The University of Oregon’s Facilities group met on campus to review the proposed design for the East Campus Residence Hall for the first time on October 28, 2009. This is a government-institutional source because it appears on the school website, uoregon.edu. The document is meeting notes and is titled “University Services–Focus Group Meeting No. 1”.  There are no authors named, but the names of those present are listed. The meeting’s minutes were taken by Lee Kerns and the document was published by Cathy Soutar, who works for UO Campus Planning and Real Estate. The East Campus Residence Hall is a project that is being done by the university, therefore this informational source on the dorm is funded by the school. Minutes taken in a meeting are intended to keep track of information for later purposes and to inform people who are not present. Everyone has access to this source. People who would read this document are those involved or interested in the new residence hall, but the main audience that is being reached is those who are involved in the creation of the dorm but did not attend the meeting. This source does not leave out any information because it does not have any bias–it is straightforward information about the proposed design of a building.

3.  Seeing the Investor Value in Being Green – accessed 3/6/10 6:19 pm. most recently accessed 3/11/10 4:44 pm

Jamestown Properties, a German real estate investment company has recently made the decision to focus on sustainable development and invest in remodeling buildings owned by the company, all of which are located in the United States. This article titled “Seeing the Investor Value in Being Green” was written by Alison Gregor. It is a journalistic source and was published to nytimes.com on March 2, 2010. The primary sources are Jamestown Properties and Matt M. Bronfman, the company’s managing director and chief operations officer, who is a spokesperson for the company in the article. New York Times is funded and controlled by shareholders, the News Corporation, advertisements and subscribers. The public and other companies are intended to see this article, and anyone can access it. This article is addressing the success and future plans of the company’s sustainable development efforts, and perhaps has the intention to persuade other companies to follow in the footsteps of Jamestown Properties. A piece of information that the article is missing is the date or estimation of when all of the company’s properties will be renovated.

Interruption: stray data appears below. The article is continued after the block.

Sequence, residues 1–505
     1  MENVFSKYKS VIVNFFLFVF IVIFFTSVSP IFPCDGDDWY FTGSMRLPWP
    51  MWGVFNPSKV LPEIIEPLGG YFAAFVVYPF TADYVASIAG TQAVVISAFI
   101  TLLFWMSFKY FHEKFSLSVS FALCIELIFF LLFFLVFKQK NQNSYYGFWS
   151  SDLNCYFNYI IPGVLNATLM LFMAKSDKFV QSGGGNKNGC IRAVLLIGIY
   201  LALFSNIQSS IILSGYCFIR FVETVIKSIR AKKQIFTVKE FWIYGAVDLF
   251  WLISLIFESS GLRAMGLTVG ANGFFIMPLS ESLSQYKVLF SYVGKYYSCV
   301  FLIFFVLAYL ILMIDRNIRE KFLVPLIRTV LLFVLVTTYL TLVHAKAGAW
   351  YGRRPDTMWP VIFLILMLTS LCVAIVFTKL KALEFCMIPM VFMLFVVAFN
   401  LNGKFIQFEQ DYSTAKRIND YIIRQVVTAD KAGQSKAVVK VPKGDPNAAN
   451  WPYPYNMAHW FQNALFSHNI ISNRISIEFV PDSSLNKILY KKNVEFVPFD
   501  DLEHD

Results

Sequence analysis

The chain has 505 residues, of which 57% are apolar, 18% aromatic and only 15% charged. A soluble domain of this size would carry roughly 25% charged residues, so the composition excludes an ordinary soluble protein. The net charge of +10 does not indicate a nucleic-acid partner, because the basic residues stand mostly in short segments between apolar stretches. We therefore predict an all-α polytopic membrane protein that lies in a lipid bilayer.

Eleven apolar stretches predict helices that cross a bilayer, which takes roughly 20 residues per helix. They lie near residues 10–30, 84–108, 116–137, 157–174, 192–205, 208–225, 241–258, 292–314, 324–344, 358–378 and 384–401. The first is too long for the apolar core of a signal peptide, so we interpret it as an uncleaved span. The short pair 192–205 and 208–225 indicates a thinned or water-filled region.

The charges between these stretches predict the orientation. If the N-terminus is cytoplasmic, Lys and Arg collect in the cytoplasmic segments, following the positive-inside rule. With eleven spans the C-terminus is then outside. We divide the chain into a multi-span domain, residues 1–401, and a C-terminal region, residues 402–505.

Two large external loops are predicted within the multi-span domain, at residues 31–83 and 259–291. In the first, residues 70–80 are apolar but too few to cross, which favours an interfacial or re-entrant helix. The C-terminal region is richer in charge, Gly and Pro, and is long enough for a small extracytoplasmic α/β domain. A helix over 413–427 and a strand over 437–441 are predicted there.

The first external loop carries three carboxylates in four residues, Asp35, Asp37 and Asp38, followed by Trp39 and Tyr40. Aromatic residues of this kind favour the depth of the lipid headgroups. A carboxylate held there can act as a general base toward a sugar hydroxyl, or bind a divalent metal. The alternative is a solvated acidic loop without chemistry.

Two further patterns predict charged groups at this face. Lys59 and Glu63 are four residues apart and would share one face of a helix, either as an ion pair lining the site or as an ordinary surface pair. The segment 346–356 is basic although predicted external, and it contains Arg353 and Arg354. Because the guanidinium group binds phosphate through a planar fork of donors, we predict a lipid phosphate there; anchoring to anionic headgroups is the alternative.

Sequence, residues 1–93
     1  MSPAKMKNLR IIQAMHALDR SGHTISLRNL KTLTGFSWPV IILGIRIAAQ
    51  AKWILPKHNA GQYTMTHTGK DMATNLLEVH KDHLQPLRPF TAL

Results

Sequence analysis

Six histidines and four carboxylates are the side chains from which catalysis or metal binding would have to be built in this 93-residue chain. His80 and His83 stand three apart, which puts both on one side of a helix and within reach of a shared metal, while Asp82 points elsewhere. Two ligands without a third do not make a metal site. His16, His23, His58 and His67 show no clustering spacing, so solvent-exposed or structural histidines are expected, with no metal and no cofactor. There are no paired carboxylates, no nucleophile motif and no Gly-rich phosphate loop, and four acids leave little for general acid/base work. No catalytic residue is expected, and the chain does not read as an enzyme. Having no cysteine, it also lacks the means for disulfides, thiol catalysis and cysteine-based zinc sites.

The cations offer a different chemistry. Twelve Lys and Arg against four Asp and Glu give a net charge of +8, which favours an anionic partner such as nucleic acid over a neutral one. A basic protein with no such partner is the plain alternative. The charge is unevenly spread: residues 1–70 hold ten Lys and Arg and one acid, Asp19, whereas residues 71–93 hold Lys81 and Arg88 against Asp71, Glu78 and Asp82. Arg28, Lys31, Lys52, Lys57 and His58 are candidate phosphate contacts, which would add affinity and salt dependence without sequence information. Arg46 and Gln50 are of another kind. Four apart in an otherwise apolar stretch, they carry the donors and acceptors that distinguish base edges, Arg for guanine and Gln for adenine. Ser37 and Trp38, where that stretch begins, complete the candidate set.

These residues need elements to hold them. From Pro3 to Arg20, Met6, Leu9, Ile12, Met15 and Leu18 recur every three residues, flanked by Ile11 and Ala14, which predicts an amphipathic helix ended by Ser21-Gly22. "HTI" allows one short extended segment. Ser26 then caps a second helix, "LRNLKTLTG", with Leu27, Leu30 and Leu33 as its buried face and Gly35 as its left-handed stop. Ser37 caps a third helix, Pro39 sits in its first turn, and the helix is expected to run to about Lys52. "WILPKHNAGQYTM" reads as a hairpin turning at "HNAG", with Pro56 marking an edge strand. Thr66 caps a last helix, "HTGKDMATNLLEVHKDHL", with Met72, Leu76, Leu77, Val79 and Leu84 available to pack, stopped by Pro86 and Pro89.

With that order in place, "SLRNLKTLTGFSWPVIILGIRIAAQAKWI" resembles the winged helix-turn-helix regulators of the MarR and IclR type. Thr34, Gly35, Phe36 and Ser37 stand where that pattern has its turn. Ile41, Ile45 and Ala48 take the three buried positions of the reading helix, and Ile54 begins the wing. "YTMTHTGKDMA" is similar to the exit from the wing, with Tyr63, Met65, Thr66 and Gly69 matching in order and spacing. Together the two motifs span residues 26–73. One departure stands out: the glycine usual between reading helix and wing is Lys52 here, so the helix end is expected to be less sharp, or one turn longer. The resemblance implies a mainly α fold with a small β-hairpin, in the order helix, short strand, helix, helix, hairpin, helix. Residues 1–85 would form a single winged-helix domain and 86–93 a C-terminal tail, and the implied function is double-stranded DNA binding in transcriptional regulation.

4.  The ecoroofs are coming – accessed 2/16/10 9:14 pm. most recently accessed 3/11/10 10:35 pm

In April of 2009 Portland’s Bureau of Environmental Services put on a free workshop to provide ecoroof information to the public in hopes of raising the ecoroof count. A follow up for this event is March 12-13. This is a citizen source from a blog on oregonlive.com and was posted April 13, 2009. It is titled “The ecoroofs are coming; a free workshop can show you how to prepare” and was written by Shelby Wood who works for the Oregonian. The primary sources used in it are an earlier Oregonian article about green roofs and the city of Portland. OregonLive.com is a part of the Oregonain and receives part of its funding from it, and the workshop was funded by Portland’s Bureau of Environmental Services. Someone who would read the Q & A on this blog or would have attended the workshop would be a Portland resident interested in building an ecoroof. Anyone can access the information on this blog. This article was written to inform the citizens of Portland about the ecoroof workshop, which was intended to raise the ecoroof count in Portland. The article does not include specific information that will be presented at the workshop, such as costs.

5.  Green Guidelines and Certification for your Home – accessed 2/22/10 2:59 pm. most recently accessed 3/11/10 11:54 pm

There are currently many certification programs available to homeowners and companies that have guidelines of sustainable building and remodeling. There are several different reasons to build or remodel a home sustainably, a few including financial or resale incentives, and the homeowners’ morals. This blog post lists multiple, simple guidelines and certification programs that are available for homeowners. This is blog post from greenhomebuilding.com is a citizen source and was written by Kelly Hart. It is titled “Green Guidelines and Certification for your Home” and was published July 21, 2009. The primary sources used are the websites of the certification programs which are LEED, National Green Building Standard, Energy Star Qualified Homes, Green Building Guidelines and Health House. The non-profit website is run by Kelly Hart and his wife. Homeowners who are looking to live sustainably and responsibly in their homes would view this blog, and everyone has access to it. This article is making the assertion that sustainable living in the home can be simple and is important.

6.  Debating Sustainability – accessed 2/22/10 3:14 pm. most recently accessed 3/12/10 12:36 pm